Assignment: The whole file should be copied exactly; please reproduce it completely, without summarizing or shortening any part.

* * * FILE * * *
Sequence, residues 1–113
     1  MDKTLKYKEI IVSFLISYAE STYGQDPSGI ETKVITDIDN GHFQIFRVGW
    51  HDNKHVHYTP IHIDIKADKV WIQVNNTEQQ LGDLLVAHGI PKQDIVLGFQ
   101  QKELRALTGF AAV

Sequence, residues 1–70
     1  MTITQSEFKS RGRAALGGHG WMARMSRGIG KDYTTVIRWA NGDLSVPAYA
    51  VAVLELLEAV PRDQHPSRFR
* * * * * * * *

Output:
Sequence, residues 1–113
     1  MDKTLKYKEI IVSFLISYAE STYGQDPSGI ETKVITDIDN GHFQIFRVGW
    51  HDNKHVHYTP IHIDIKADKV WIQVNNTEQQ LGDLLVAHGI PKQDIVLGFQ
   101  QKELRALTGF AAV

Sequence, residues 1–70
     1  MTITQSEFKS RGRAALGGHG WMARMSRGIG KDYTTVIRWA NGDLSVPAYA
    51  VAVLELLEAV PRDQHPSRFR